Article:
Organisations must therefore teach users the way to do things right and practice risk management. You cannot simply throw users into a position where they can cause damage or injure themselves, leaving them to sink or swim. We’d sum up this necessary risk management process with a scuba diving training analogy:
• Verify that the people have received the adequate level of training
• Put people in a safe environment and test out their skills before letting them out into open water
• In open water, you limit how much damage they can do by only taking them to safe areas
• Ensure you have extra assistance on hand to monitor students
• Have insurance in case accidents happen
Should we blame the security team?
If a single user’s error can cause significant damage and financial loss, then that error is a symptom of the problems throughout the security architecture. In the same way security teams don’t solely rely on firewalls to keep out attacks, they can’t rely on users to be the ‘human firewall’. A layered approach that incorporates the following must be considered:
• Endpoint systems that can detect phishing or malware attacks
• Limiting unnecessary user access to avoid putting them in the position of being able to compromise information
• Monitor the company’s critical databases and ‘crown jewels’ for misuse and abuse
• Pre-planning and preparation in the event of an incident to put out the fire as quickly as possible
Security teams must even muster the courage to tell their c-suite executives what they need to know. For example: “We need your approval to implement monitoring software around your system to reduce the likelihood of a successful attack. Whilst you might not like these tighter controls, we need to protect the company’s most important assets and you are a way to access these assets.”
A good organisation would have established processes and controls to ensure the user is not in a position to make a mistake or take the bait. If the user is in a position to make mistakes due to the nature of their roles, the company must then specifically lay out how they should do their jobs and the associated penalties of not doing so.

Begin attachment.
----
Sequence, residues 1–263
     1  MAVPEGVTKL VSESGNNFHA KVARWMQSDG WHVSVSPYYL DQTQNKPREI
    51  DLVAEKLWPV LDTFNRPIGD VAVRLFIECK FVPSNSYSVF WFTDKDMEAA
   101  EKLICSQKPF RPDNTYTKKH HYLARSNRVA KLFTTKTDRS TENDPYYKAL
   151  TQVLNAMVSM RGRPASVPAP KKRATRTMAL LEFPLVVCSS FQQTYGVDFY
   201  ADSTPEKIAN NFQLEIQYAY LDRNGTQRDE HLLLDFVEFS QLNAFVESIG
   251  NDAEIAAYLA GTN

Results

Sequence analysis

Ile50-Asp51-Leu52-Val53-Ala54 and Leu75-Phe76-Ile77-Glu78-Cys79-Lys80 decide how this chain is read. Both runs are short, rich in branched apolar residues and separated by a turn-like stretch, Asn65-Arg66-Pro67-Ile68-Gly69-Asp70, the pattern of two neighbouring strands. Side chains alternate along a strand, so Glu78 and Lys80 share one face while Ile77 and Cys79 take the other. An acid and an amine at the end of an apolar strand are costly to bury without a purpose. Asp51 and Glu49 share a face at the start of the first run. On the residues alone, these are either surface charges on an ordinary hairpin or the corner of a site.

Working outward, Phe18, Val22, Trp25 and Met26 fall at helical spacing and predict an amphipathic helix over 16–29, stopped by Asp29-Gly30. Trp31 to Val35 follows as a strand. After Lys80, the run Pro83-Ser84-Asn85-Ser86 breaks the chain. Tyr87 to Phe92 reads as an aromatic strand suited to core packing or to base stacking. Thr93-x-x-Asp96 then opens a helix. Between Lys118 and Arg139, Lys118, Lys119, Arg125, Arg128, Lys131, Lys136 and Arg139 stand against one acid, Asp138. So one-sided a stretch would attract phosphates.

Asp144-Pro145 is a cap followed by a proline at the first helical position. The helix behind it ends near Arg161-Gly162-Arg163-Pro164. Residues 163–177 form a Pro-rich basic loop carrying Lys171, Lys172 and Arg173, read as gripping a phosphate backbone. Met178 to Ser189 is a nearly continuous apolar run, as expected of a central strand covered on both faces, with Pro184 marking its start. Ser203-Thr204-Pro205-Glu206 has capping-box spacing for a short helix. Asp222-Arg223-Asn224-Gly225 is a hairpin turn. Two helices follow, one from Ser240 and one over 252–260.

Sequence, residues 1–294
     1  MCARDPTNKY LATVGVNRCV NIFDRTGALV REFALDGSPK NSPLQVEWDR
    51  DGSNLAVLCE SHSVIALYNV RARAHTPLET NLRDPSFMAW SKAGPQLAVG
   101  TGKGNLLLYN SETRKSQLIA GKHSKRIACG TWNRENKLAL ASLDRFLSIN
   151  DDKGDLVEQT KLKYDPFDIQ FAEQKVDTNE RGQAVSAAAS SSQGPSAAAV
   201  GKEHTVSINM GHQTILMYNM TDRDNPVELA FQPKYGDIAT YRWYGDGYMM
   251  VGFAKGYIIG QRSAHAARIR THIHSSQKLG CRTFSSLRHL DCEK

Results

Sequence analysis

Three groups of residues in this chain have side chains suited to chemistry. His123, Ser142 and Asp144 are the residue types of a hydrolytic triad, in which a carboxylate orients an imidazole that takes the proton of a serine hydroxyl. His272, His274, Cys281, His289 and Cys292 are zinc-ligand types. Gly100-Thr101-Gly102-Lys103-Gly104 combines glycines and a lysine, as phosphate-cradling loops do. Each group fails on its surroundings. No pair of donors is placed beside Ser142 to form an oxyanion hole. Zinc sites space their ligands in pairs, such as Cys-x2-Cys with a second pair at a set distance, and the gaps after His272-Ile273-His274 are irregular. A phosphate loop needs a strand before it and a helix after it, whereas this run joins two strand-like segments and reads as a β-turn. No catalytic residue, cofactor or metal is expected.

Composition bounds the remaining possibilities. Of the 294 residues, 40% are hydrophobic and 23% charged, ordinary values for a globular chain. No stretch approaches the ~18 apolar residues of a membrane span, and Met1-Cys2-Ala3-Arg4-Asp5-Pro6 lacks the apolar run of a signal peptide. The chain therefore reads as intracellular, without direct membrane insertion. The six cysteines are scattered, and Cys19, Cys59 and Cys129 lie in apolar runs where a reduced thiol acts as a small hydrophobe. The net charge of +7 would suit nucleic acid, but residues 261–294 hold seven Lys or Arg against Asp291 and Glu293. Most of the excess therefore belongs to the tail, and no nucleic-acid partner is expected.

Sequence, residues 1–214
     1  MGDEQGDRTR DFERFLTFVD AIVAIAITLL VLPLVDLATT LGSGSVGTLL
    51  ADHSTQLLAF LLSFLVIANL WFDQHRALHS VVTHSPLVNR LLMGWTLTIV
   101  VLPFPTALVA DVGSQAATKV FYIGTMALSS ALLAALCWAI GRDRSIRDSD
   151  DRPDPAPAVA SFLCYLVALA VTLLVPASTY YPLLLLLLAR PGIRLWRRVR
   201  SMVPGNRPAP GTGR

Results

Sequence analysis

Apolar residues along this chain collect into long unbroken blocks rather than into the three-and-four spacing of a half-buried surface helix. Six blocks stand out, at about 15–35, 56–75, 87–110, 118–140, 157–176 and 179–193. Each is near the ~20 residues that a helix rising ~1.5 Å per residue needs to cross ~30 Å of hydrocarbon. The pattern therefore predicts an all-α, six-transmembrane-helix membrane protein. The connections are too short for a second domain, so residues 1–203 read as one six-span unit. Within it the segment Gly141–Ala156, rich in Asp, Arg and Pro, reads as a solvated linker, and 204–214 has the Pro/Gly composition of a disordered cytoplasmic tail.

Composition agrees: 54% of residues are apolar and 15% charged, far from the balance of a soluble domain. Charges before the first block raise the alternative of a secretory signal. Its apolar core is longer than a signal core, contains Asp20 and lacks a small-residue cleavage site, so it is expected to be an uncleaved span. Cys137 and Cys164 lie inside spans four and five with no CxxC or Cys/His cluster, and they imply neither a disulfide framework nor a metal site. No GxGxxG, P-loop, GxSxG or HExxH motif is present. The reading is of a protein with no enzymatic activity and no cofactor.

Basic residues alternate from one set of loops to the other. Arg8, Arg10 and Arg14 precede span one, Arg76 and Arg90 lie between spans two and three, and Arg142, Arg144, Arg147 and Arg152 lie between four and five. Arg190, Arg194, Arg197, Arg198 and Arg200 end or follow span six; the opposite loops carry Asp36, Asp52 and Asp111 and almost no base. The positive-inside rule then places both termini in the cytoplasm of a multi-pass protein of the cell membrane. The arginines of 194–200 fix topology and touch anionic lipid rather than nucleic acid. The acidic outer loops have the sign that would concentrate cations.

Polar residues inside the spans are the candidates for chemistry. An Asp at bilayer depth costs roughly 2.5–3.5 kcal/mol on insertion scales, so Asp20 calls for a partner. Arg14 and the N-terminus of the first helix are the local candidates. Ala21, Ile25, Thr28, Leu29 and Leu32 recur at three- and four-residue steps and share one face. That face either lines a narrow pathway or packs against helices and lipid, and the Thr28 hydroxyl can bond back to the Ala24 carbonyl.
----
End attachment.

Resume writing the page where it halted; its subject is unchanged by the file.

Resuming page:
At the end of the day, the prevention of financial crimes using social engineering attacks is a collective responsibility that involves integrating technology, process and the right type of awareness training. Organisations that get this right will find that cybersecurity isn’t a showstopper, but an enabler for better businesses instead.
The views expressed in this column are the author's own and do not necessarily reflect this publication's view, and this article is not edited by Singapore Business Review. The author was not remunerated for this article.
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Ira Winkler, CISSP, is President of Secure Mentem and Author of “Advanced Persistent Security”. He is considered one of the world’s most influential security professionals and was named “The Awareness Crusader” by CSO magazine in receiving their CSO COMPASS Award. Ira has designed, implemented and supported security awareness programs at organizations of all sizes, in all industries, around the world. He is an established speaker at major industry events, having addressed “30+ Years of Security Awareness Efforts: What Have We Learned?” and “Holistically Mitigating Human Vulnerabilities and Attacks” at RSA Conferences in San Francisco and Singapore.
Etay Maor is an Executive Security Advisor at IBM Security, where he leads security and fraud fighting awareness and research. Previously, Etay was the Head of Cyberthreat Research at RSA Labs where he managed malware research and intelligence teams and was part of cutting-edge security research. He is an established speaker at major industry events like RSA Conference in Singapore, leading key discussions like “White Hats' and Cybercriminals’ New Tool: Artificial Intelligence” and “Facing Financial Fraud Head On: Cybersecurity Best Practices”.